Originally drawn to this book by its cover in the Barnes & Nobles Gardening section, I picked up a copy. The Feast Nearby: How I lost my job, buried a marriage, and found my way by keep chickens, foraging, preserving, bartering, and eating locally (all on forty dollars a week) will have you lining up to buy a pressure canner, eating thick-cut bacon like it’s going out of style, and wanting to visit every farmer’s market within a 100 mile radius. A collection of essays spaced over the course of a year, The Feast Nearby chronicles Robin Mather’s first post-divorce year, but without being an overly emotional read. Although the story touches on the hardships she faces that year and gives the reader intimate insight into the financial and social struggles she faces, the story centers on her growth through her new-found independence, the people she comes to share her table with, and the relationships she builds through becoming a “locavore.”
Besides being an easy, enjoyable read, this story raises some important socioeconomic and health questions for many Americans. From my own perspective, it really challenges the way I think about food, money, and what I can afford at the market. Although I have a deep love for artisan cheeses, homemade breads, pesticide-free veggies, free trade coffee, and organic, free-range eggs and dairy, I too often use the “grad student budget” excuse for pb&j for dinner and cheap coffee, but, as Mather says, there’s “little there to please the inner woman.” Mather’s book poses an interesting challenge though: she enjoys better quality food, tastier coffee, and a much better stocked pantry than I do. Yet, she spends less on it per week, and wastes far less of food than I do. Moreover, she produces very little of it herself. She keeps chickens (chooks as she calls them) for eggs, but there’s no garden to tend to, no weeds to pull, to pesky caterpillars to squelch. In a way, though, Mather makes her whole community her own little farm, as she buys from local growers, local butchers, local dairymen (and women), and then uses their products to sustain her throughout the year by canning and freezing and drying.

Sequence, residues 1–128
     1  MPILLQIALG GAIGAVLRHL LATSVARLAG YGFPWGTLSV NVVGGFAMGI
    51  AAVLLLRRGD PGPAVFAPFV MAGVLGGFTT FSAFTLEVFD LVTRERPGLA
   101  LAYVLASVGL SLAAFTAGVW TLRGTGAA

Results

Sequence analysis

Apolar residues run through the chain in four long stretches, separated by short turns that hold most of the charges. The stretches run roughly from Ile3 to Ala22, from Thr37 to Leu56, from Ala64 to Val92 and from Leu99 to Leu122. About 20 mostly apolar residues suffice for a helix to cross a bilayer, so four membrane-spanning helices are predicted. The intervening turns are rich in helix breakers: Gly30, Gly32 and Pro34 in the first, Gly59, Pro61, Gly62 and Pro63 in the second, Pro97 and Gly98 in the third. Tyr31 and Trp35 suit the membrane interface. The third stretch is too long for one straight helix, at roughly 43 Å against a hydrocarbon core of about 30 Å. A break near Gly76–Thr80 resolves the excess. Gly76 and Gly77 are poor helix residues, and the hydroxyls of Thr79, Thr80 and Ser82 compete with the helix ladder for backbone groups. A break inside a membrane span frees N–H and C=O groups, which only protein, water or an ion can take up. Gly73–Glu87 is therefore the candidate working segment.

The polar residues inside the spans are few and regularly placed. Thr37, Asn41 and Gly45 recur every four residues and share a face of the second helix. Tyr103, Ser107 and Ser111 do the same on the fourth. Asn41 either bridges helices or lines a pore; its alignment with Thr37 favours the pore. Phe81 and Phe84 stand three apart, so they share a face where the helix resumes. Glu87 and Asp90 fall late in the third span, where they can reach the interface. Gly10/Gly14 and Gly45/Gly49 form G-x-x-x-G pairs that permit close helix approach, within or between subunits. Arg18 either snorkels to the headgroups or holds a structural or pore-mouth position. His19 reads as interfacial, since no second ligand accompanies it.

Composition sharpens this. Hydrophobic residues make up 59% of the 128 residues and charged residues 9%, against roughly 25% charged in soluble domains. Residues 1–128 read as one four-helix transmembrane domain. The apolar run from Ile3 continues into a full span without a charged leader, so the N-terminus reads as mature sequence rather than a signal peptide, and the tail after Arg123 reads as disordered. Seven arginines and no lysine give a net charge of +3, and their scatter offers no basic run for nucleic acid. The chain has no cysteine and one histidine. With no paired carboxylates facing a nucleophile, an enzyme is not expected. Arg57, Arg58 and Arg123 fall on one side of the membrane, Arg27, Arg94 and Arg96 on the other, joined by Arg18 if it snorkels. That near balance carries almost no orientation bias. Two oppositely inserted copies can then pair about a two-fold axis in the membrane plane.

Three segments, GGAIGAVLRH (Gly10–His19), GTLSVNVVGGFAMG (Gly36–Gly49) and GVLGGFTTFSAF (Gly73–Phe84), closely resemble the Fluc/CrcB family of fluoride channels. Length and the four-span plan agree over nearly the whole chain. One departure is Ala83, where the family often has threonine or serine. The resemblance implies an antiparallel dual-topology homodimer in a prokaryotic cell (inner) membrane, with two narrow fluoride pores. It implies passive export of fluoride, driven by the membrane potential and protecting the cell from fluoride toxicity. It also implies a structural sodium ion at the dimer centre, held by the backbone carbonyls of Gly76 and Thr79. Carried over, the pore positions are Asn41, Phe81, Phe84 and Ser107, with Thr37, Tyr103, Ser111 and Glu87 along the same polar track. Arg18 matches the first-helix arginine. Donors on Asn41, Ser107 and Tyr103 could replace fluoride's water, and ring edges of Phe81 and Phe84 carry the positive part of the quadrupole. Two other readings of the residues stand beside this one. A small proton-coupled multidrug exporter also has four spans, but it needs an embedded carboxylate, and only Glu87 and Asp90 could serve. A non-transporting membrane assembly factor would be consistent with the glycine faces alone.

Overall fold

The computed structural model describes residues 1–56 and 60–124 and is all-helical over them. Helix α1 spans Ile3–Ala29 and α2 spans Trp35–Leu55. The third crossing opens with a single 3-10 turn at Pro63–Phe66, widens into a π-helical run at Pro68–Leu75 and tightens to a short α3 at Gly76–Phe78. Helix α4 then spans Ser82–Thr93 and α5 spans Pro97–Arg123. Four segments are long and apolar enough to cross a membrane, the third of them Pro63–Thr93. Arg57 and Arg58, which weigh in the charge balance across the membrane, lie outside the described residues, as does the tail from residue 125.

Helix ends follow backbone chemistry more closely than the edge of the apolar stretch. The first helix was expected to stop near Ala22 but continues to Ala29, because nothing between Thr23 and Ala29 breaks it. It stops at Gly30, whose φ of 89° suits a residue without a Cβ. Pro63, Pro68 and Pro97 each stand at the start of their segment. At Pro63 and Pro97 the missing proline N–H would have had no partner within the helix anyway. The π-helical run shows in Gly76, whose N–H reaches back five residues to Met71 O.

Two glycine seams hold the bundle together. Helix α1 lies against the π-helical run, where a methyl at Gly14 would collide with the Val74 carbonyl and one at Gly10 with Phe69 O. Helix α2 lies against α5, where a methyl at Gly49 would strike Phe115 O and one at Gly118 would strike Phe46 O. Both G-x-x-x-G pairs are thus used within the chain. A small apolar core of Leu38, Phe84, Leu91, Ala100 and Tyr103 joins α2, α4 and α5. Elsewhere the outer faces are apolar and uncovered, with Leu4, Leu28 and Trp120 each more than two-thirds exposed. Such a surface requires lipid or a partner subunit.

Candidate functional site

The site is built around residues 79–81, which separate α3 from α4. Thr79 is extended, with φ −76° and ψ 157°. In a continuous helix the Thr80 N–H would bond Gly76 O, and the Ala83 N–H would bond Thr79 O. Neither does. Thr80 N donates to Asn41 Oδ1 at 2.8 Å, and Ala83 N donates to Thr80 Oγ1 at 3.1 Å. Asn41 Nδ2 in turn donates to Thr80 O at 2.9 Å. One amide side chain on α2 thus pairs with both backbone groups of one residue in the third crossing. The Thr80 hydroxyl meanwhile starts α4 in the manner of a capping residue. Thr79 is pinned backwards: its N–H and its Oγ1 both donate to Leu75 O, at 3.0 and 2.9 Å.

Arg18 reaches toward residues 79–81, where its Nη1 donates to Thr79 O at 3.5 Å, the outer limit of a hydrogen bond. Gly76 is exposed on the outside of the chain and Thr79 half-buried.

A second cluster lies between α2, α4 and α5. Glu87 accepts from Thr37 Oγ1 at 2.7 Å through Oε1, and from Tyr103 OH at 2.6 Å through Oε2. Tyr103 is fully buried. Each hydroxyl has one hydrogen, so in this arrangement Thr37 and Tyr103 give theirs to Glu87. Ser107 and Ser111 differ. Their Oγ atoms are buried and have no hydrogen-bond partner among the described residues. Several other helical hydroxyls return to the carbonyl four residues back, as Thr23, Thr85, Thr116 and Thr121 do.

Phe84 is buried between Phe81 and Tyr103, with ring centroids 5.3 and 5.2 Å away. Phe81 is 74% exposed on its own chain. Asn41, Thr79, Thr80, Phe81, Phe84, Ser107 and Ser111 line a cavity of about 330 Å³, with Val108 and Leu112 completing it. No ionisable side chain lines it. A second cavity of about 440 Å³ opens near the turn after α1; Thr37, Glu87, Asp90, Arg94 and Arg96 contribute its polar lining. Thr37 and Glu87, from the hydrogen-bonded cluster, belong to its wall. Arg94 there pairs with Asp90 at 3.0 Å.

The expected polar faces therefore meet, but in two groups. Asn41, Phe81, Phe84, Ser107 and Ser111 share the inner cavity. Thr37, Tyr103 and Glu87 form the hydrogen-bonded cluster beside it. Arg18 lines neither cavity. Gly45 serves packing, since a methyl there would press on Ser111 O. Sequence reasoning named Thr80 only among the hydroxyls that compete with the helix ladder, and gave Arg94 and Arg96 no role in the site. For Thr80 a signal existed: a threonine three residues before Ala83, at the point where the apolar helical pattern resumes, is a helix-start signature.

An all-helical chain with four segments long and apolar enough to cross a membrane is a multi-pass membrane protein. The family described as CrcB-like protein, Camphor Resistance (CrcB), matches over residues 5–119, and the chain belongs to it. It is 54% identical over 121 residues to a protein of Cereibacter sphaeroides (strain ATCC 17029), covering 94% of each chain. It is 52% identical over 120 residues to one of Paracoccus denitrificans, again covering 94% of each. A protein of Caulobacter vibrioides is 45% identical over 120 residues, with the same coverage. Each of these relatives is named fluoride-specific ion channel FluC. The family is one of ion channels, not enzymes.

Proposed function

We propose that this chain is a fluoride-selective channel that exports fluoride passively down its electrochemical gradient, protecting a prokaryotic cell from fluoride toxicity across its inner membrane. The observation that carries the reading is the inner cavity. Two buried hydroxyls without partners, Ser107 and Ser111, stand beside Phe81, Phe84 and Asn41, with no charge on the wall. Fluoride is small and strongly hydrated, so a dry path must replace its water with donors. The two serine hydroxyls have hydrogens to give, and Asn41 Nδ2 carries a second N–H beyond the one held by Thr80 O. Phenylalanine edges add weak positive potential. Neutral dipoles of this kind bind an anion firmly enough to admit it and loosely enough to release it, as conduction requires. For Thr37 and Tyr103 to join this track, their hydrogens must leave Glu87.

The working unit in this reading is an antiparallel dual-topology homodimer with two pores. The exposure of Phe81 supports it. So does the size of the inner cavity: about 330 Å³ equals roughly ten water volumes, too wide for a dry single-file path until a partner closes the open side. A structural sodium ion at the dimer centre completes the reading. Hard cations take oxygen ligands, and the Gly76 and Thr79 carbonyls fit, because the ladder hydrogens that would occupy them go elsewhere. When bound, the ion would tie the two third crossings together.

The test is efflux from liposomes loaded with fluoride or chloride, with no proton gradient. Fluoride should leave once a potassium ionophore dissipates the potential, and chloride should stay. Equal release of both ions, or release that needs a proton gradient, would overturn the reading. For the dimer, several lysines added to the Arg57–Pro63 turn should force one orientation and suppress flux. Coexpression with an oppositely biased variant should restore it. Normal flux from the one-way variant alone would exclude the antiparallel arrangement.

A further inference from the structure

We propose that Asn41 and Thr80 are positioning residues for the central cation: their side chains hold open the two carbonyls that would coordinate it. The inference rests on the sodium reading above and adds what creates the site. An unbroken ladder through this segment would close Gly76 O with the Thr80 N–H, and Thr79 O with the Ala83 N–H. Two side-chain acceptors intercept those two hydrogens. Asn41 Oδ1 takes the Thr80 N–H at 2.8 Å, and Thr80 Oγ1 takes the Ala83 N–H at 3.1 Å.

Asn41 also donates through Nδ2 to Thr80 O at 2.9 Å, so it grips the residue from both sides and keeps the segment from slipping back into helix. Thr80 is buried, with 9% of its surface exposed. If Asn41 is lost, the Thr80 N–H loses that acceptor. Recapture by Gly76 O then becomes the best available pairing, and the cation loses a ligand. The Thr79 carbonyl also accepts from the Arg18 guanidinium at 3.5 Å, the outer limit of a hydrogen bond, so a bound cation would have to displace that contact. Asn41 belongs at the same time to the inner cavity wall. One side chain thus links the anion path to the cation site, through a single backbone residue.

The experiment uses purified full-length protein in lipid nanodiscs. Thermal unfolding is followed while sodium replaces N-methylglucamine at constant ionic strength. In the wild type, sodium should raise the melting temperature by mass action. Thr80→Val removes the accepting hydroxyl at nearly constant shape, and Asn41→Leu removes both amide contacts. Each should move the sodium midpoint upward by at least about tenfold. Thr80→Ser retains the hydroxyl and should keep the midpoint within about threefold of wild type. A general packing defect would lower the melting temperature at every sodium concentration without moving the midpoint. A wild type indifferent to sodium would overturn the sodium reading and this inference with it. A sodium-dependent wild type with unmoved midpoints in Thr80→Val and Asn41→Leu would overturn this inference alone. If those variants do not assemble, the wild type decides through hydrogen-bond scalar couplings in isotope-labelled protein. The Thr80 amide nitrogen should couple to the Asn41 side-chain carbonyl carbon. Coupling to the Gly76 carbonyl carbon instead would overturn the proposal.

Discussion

In addition to being well written and filled with recipes that sound delectable (hard cider, buttered pecans with chile and brown sugar, maple walnut pie… my mouth is watering already), she forces us to reconsider the foods we can afford. Sure, you can eat a McDonald’s hamburger every day, and be physically sustained for under $40/month, but you can eat much more richly if you budget that on locally grown food from small businesses in your area. I now long for a pantry filled with canned peaches, dried tomatoes, and homemade preserves instead of the granola bars, cereal, and pasteurized, overly sweetened juice I have in there now. Sure, there are healthy things in my pantry – organic oatmeal, dried cranberries, nuts – and, sure, canning and preserving takes a whole lot more time and effort, which is hard for the average, working American to find. But perhaps if I prioritized my food a little more, and thought of cooking less as a chore and more of a privilege and joy, my dream pantry would be a reality.
Do you think this is challenge is realistic? Comment below, and pick up a copy at your local bookstore or here.